Racette shines in COT’s mixed double bill

Mon Feb 15, 2016 at 2:08 pm

By Lawrence A. Johnson

Patricia Racette in Poulenc's "La Voix Humaine" at Chicago Opera Theater. Photo: Liz Lauren
Patricia Racette in Poulenc’s “La Voix Humaine” at Chicago Opera Theater. Photo: Michael Brosilow

Though it likely wasn’t planned that way, Chicago Opera Theater’s double bill made a nice bit of Valentine’s Day counter-programming for romantic cynics. The scenario of Poulenc’s La Voix Humaine tells of a desperate woman who is unsuccessfully trying to salvage a love affair. And in Puccini’s Gianni Schicchi a pair of young lovers vies with a bevy of greedy relatives who can’t wait to get their hands on a dead uncle’s inheritance.

The second and final performance of COT’s offbeat double bill took place Sunday afternoon at the Harris Theater.

Big names have not been plentiful in the current COT era and Patricia Racette brought some welcome star power to Poulenc’s La Voix Humaine in the matinee’s first half.

The role of Elle, the sole character of Poulenc’s 1959 monodrama, is a good one for Racette at this stage of her career. Based on Jean Cocteau’s play of the same name, La Voix Humaine is a simple extended telephone conversation with her lover, as Elle segues from casual to desperation in trying to save the clearly foundering relationship.

The soprano brought characteristic dramatic sympathy to the role, carrying the quarter-hour monodrama as if in a single arc. She sang with exemplary French, fine tone and flexibility, starkly conveying the protagonist’s insecurity, regrets, psychic desperation and ultimate tragedy.

Conductor Ari Pelto was a full partner with Racette, drawing alert, tight support from the orchestra and bringing out the Gallic flavor and melancholy of Poulenc’s deft, effective score. The subdued gray and black apartment setting and unobtrusive direction by Andreas Mitisek provided a fine backdrop for Racette’s tour de force performance.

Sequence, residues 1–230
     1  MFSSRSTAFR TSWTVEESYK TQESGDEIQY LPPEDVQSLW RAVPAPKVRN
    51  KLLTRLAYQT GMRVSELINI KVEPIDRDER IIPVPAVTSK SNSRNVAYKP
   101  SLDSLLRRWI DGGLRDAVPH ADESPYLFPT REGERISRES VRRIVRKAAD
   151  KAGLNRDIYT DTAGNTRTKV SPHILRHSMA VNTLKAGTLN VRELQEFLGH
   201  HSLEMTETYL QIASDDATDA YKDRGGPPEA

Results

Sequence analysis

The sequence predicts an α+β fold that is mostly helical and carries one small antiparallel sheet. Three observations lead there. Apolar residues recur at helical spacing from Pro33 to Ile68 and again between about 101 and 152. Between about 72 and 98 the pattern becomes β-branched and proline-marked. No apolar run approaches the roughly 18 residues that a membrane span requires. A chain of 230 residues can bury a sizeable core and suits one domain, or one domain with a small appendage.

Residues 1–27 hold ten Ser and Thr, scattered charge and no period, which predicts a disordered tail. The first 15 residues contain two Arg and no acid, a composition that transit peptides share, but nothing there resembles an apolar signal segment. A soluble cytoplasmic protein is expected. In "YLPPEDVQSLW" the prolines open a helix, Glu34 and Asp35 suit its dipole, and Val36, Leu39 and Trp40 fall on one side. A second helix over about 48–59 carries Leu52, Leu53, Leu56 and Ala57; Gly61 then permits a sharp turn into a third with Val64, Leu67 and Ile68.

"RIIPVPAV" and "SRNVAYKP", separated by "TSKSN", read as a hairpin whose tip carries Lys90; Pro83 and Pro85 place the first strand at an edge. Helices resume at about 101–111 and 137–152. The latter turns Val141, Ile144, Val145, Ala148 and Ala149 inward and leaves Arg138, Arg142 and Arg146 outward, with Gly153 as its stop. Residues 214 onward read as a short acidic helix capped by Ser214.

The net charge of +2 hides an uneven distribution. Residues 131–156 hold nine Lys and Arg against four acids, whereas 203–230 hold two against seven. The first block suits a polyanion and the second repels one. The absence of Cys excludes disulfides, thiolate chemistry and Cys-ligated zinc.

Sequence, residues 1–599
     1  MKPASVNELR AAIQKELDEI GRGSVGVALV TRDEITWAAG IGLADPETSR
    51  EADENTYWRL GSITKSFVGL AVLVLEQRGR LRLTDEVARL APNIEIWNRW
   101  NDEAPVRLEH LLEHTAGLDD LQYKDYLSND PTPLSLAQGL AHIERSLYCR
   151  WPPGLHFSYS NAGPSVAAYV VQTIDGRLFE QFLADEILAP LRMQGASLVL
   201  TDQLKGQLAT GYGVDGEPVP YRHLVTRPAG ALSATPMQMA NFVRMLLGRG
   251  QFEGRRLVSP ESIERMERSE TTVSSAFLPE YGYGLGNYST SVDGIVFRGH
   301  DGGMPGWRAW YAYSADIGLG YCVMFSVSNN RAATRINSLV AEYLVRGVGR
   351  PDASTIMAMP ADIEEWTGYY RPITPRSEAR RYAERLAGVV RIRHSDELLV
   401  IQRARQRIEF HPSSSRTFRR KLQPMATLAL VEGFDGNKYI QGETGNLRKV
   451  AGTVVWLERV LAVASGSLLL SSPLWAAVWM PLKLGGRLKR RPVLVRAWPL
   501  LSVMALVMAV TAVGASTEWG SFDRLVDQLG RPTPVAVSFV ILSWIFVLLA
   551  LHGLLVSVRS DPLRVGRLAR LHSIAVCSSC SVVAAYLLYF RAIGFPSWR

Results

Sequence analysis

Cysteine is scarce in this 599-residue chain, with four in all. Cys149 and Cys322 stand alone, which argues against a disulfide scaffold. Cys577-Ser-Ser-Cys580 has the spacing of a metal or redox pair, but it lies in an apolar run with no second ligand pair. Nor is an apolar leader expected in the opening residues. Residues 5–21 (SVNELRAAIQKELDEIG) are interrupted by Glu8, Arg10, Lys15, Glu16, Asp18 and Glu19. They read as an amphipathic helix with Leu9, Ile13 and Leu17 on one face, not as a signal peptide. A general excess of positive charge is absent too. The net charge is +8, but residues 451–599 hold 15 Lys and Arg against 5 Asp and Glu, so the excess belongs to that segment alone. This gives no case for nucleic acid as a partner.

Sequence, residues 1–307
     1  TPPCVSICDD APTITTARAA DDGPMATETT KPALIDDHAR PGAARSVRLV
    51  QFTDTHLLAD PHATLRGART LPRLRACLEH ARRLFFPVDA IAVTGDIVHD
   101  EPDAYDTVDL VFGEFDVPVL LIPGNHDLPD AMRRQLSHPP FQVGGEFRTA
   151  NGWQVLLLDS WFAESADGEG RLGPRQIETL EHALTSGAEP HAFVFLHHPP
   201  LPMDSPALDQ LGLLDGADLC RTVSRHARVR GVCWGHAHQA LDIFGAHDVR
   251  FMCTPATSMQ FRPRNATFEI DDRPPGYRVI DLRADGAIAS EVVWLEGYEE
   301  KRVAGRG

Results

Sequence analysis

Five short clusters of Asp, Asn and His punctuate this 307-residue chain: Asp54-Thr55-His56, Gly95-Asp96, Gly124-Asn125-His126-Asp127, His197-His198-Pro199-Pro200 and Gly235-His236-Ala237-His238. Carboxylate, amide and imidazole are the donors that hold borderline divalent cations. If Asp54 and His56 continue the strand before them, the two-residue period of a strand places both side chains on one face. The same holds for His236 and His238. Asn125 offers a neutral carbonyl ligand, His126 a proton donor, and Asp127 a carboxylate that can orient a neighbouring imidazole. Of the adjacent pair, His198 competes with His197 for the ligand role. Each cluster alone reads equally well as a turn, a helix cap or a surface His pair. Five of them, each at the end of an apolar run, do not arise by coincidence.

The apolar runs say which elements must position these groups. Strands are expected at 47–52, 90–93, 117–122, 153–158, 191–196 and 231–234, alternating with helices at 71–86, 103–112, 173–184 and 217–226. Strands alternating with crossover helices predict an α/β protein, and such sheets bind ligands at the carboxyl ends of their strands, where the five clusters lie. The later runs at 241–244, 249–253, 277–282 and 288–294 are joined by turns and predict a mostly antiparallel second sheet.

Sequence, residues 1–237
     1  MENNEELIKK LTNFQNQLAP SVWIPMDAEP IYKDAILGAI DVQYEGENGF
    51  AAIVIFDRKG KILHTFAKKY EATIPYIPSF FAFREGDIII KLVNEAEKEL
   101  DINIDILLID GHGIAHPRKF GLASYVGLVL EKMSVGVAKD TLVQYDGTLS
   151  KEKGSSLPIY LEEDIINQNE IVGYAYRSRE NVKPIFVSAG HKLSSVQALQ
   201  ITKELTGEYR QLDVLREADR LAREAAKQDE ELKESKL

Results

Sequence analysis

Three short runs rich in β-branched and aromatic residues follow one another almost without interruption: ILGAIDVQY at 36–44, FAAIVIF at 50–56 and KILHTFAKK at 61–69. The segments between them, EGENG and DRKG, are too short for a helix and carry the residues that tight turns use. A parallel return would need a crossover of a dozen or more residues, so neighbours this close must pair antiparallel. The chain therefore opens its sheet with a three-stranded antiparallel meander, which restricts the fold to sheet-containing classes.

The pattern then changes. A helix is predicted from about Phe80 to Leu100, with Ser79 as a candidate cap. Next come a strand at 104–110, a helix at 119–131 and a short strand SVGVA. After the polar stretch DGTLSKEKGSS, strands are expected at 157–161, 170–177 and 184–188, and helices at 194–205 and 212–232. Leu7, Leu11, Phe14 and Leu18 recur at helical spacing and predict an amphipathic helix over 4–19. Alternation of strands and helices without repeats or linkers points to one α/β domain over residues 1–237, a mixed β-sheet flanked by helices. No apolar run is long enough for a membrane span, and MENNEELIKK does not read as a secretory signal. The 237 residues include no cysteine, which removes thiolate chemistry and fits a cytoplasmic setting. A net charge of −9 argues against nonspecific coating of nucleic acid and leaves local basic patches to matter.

Comedy came after intermission with Gianni Schicchi, which offered more mixed rewards. Mitisek indulged his penchant for updating by setting Puccini’s farce in a 1970s Austin Powers-like milieu with outlandish period costumes and psychedelic projections.

Even that might have worked but Mitisek, unfortunately, encouraged the band of grasping relatives to overact frantically in an attempt to gin up the comedy. Once again, it’s the situations and skillful timing that make comedies work, not funny costumes or frenzied mugging.

Worse still was the decision to perform Schicchi in English. That may have given the punchlines greater immediacy but made for awkwardness in the brief lyrical moments that give this cynical piece a brief ray of humanity.

As Lauretta, Emily Birsan sang the celebrated “O mio babbino caro” with pure tone and feeling yet the unwieldy English translation (“Oh, Daddy dear, please I love him”) didn’t do her any favors. Nor did the premature applause, from Sunday’s unusually gustatory audience.

As the title shyster trickster who outwits the greedy relatives, Michael Chioldi sang with a big if hoary baritone. He was an energetic presence and certainly alive to the comedy, garbed in bad 70s wig and cool/uncool period Italian glasses.

As Lauretta’s beloved Rinuccio, Christopher Tiesi displayed an ardent tenor, and was a bright spot amid most of the overcaffeinated cast. Pelto conducted the score impressively, conveying the wit of Puccini’s writing as well as giving lift to the fleeting lyrical moments.

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